update -- Here's a link to the archived video from yesterday's event at the Cato Institute: http://www.cato.org/event.php?eventid=1670 [via politech]

Tivo CEO on the Induce Act

Lasica Interviews TiVo CEO for Engadget Interview Series

Lasica: "Should the FCC be in the business of regulating new technologies like this one?"

Mike Ramsay: "Definitely not. It’s scary when you feel that you have to go to the FCC for permission to do something. So we’re not very comfortable with that. I think the broadcast flag stuff is less onerous than some other things, like the INDUCE Act. That we’re much more concerned with because that could lead to prosecution of individuals who induce copyright infringement. That just opens up a whole can of worms. If you upset consumers enough, they’ll become pirates, and that law has the potential to do that.

You’ll notice that everything on the table in Washington being pushed by the media companies doesn’t target regular television. It’s targeted at things like ripping DVDs, how long you can keep movies pay-per-view movies, and so on."

Tuesday, October 19, 2004

Bush Talks Tech with PC World

PCW: Do you support Senator Orrin Hatch's Induce Act?

Bush: My Administration has not endorsed the Induce Act, however, we strongly support efforts to protect intellectual property and will continue to work with Congress to ensure intellectual property is properly protected.

More here.

related: Furdlog points to Declan who stretches to say that Kerry might defang the DMCA.

Friday, October 15, 2004

Glickman to Film Industry: Nurture New Technology

"Dan Glickman, the new head of the Motion Picture Association of America, gave his first major speech after taking office -- he said the industry must embrace new digital and Internet technologies while continuing to battle copyright pirates.

Early next year, he intends to travel to Silicon Valley in northern California and other technology centers to hear the concerns of hardware and software makers... Glickman said the MPAA would continue pursuing lawsuits and criminal complaints when necessary, but added he would also listen to technology leaders and "try to find common ground."

[reuters via Paid Content]

Tuesday, October 12, 2004

2560 and 2391/4077 dead ... for now

2560 Induce is dead for this session of congress which adjourned last night, while Intellectual Property Omnibus (HR 2391), which includes HR 4077, is on hold thanks mostly to Senator McCain. See his floor statement.

Lawrence Lessig sends us to timeout

Lawrence Lessig has chastised all of us for paying too much attention to fighting the Induce Act while plenty of other bad news copyright bills have been passed this year. Ever the cynic (aren't we all), Lessig suggests that perhaps the Induce Act is a "weapon of mass distraction" meant to preoccupy copyfighters while the real action is moving through Congress one small change at a time. He specifically points to HR 4077, which includes the PIRATE Act, the ART Act, and the Family Movie Act among other laws, none of which are public domain friendly.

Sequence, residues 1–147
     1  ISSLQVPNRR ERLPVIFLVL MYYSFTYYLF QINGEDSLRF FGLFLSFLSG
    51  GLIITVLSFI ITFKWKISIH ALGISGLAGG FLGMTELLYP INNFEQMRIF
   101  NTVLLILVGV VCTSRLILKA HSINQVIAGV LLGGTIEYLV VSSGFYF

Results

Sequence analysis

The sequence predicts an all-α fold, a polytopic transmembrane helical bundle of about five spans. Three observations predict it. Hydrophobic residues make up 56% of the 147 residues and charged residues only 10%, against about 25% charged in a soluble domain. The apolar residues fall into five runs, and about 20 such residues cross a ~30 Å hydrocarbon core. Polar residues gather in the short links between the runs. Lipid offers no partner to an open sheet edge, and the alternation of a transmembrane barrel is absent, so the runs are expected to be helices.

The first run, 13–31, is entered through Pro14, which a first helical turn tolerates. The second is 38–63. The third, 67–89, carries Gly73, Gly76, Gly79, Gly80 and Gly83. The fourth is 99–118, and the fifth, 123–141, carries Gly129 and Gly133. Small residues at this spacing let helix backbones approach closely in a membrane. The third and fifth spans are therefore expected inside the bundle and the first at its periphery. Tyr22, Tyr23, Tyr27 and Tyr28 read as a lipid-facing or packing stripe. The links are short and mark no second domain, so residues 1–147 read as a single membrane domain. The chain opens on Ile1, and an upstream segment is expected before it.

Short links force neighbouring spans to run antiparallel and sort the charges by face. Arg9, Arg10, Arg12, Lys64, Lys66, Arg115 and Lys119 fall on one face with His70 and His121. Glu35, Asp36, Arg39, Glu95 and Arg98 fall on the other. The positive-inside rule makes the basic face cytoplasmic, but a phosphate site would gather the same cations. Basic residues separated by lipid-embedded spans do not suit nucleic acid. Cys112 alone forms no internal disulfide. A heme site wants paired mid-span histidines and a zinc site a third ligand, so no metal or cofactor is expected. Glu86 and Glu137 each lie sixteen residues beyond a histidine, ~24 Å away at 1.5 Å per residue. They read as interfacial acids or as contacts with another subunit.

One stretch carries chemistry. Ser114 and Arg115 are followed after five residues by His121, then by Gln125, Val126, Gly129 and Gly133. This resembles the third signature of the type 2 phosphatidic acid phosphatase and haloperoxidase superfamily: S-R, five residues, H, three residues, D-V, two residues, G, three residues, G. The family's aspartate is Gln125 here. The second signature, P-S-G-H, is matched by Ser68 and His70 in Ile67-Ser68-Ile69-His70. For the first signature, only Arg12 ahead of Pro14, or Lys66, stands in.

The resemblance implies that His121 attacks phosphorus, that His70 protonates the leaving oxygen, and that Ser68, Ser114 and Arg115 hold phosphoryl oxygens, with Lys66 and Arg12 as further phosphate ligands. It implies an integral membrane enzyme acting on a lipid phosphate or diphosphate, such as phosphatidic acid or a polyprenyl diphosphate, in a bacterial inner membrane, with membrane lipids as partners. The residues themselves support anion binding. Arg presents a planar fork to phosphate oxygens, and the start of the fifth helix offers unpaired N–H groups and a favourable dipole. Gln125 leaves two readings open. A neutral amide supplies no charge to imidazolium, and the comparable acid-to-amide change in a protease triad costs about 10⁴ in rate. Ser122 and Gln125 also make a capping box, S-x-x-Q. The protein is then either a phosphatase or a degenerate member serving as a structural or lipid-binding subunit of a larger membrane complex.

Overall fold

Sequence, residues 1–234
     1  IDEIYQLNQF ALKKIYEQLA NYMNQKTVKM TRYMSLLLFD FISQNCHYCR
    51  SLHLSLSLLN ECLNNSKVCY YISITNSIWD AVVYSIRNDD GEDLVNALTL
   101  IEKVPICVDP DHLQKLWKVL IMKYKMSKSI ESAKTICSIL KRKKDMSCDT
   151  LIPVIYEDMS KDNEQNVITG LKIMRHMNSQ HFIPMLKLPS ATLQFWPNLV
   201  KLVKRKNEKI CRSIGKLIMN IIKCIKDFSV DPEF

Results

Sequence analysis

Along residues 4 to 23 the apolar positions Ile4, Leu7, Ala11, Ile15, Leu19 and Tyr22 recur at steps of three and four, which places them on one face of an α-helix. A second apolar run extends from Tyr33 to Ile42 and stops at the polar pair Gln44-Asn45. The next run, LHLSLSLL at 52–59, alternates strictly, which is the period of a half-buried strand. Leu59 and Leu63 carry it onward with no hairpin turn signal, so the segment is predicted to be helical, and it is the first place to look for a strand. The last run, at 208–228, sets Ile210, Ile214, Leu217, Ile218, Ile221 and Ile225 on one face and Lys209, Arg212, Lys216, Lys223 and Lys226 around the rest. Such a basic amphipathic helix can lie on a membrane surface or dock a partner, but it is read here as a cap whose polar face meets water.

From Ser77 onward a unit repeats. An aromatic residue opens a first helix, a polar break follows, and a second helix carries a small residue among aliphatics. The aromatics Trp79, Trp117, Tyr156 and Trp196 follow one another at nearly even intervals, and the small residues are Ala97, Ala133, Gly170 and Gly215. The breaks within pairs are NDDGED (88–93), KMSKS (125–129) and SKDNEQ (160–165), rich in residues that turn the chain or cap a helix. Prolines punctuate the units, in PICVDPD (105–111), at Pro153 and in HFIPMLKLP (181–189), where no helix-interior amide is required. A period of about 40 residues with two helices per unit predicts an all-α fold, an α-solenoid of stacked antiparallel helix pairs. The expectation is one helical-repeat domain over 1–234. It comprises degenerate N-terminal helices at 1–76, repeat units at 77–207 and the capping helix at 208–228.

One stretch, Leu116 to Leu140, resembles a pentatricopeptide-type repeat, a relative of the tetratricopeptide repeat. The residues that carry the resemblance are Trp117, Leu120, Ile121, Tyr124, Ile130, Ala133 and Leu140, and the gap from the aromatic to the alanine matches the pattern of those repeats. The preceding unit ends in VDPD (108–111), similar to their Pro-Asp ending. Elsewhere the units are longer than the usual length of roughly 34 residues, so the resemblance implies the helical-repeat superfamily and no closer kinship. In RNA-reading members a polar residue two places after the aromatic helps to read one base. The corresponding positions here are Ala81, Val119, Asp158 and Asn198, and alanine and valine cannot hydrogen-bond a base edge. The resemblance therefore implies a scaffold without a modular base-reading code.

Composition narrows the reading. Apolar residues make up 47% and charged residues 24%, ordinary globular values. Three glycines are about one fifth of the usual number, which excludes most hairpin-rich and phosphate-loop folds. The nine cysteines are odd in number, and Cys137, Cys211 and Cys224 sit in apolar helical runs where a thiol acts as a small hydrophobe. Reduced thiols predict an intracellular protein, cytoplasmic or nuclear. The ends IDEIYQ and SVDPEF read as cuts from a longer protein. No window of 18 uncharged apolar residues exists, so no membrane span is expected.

Luckily, as another recent post here points out, McCain has stalled out HR 4077 as well.

Mark Cuban donates 100K to help the EFF fight IICA

Mark Cuban always matches his NBA fines with donations to charity. He's recently given $100,000 to the EFF in order to aid them in the fight against the Induce Act. What a great guy! Almost makes me want to root for the Mavs...nah.

Via Jason Calacanis & Boing Boing.

Mark Cuban's blog can be found here.

Thursday, October 07, 2004

Dead, for now...

The AP reports: Senate Talks Fail on File-Sharing Software
Sensing an impasse after weeks of acrimonious debate, Hatch invited lawyers and lobbyists representing the sides to propose their own compromise in the waning days of this congressional session. But the sides agreed overnight that a compromise was increasingly unlikely given the tight deadline, according to participants in the talks who spoke on condition of anonymity.

Wired News: Induce Act Talks Sputter 
After four days of painstaking negotiations, technology and consumer groups said they have failed to reach a consensus with the entertainment industry on the language of the Induce Act, a proposed bill making it illegal to encourage copyright infringement.


Art Brodsky of Public Knowledge writes: "We’re pretty sure that Induce is dead for now. It died last night after a five-hour negotiating session between RIAA, MPAA and BSA presided over, at first, by Chairman Hatch himself. About 8 p.m., there was no agreement on a bill, and they folded up the process for now. There are no new talks scheduled."

Ernest Miller: "For the record, according to an anonymous source, this draft version of the INDUCE Act from the copyright industries is the one that finally convinced consumer and technology groups that compromise wouldn't be reached: INDUCE Act - Copyright Owners' Tentative Proposal - 05 Oct 2004 [PDF]"

Tuesday, October 05, 2004

Latest Draft

Via Ed Felten, the latest IICA staff discussion draft: 10/1 Draft.

Among the highlights in this latest draft:
  • The bill directly addresses P2P, requires "conscious, affirmative acts to encourage infringement" and only imposes liability if "the majority of the revenues of the product or service result from covered infringement" and infringing copyrights is "the principal reason" for using the product or service
  • The act covers "widespread infringement of §106(3) by means of digital transmissions."
  • Prior to discovery, a court "shall determine, on an expedited basis whether the plaintiff has presented a prima facie case that the product or service is a peer-to-peer product or service and that the product or service results in covered infringement.